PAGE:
I’ve started reading Rick Riordan’s new book, The Serpent’s Shadow, and I have to say I was entertained by the appearance of the primordial Egyptian god Shu as a conservative, prudish old man. This conception of his personality is almost certainly based on the fact that it was his job to keep his children, the sky goddess Nut and earth god Geb, separated so that they would not produce children.
While he failed in this task, he still keeps the two apart as best he can, and as such bears an interesting similarity to Atlas.
Shu is officially the god of air, specifically the dry aspects of air. His name apparently means “dry” or “parched,” and he has some authority over wind and light. Perhaps it’s no surprise that such a dry individual would find his counterpart in the water goddess Tefnut.
The two of them were produced by Ra by himself, either through masturbation or spitting. An embarrassing way to be born, I would imagine. In one later Egyptian myth, Shu and Tefnut temporarily separated, and the water goddess relocated to Nubia for a while before being convinced by Thoth to return to her husband. This story is thought to reflect the drought that ended the Eighth Dynasty and the Old Kingdom.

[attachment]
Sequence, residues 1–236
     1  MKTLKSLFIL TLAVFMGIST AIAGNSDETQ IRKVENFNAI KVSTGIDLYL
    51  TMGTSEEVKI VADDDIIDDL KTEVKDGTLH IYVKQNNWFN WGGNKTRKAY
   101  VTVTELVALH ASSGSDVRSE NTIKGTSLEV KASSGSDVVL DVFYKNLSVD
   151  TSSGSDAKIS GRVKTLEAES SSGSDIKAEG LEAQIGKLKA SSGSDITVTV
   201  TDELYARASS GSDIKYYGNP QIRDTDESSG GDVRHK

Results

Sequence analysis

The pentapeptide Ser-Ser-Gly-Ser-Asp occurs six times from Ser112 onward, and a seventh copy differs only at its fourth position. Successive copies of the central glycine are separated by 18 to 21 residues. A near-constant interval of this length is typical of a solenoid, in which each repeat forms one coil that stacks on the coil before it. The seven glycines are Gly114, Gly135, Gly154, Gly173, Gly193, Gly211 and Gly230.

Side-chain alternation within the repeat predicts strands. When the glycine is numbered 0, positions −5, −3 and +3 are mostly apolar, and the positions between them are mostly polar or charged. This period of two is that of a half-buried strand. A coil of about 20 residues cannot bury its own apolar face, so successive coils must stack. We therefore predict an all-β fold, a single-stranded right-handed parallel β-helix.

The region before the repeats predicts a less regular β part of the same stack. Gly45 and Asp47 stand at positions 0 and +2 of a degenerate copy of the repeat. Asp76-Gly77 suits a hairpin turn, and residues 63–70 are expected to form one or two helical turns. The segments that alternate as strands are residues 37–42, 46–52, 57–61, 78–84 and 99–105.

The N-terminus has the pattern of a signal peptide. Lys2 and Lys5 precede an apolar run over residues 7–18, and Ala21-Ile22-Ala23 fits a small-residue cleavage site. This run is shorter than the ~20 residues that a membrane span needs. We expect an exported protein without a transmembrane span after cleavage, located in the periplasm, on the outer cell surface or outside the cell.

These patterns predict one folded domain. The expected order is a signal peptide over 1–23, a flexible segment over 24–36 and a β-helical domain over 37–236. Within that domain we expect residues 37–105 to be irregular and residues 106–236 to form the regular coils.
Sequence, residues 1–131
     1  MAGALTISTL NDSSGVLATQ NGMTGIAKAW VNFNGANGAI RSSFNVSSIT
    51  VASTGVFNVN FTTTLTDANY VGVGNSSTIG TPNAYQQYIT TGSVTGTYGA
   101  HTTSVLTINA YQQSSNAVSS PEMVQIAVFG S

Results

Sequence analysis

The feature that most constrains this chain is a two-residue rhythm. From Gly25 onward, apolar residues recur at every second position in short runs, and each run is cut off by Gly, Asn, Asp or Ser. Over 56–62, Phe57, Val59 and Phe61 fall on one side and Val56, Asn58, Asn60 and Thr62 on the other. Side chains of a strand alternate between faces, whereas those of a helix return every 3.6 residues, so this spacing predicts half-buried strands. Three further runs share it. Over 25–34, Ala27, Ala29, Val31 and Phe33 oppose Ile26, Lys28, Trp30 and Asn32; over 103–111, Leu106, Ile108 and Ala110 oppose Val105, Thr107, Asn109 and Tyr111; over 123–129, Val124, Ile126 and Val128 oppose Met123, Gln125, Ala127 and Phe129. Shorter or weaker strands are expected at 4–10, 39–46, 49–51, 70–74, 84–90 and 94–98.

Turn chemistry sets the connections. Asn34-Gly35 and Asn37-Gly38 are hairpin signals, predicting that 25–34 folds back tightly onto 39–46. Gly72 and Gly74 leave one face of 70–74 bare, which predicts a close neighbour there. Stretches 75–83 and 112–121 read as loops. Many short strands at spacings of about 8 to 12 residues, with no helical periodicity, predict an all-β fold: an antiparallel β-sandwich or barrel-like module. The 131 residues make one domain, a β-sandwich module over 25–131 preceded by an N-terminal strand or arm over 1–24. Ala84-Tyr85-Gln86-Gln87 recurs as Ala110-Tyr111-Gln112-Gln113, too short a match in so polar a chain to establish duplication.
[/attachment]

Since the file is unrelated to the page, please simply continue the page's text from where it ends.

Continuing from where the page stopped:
Shu was said to have been the second ruler of Egypt after Ra, but the serpent Apep launched a rebellion against him. He successfully defeated the rebels, but was weakened in doing so, and lost the popular support. As such, he passed the throne on to Geb. Shu has both beneficial and detrimental sides, as you could expect from a god of air. While often bringing heat and dryness, his winds could cool people as well, and prayers to him were customary before a sea voyage. His scariest aspect was probably the one he took on in the underworld, in which he punished those spirits who were deemed deserving of such.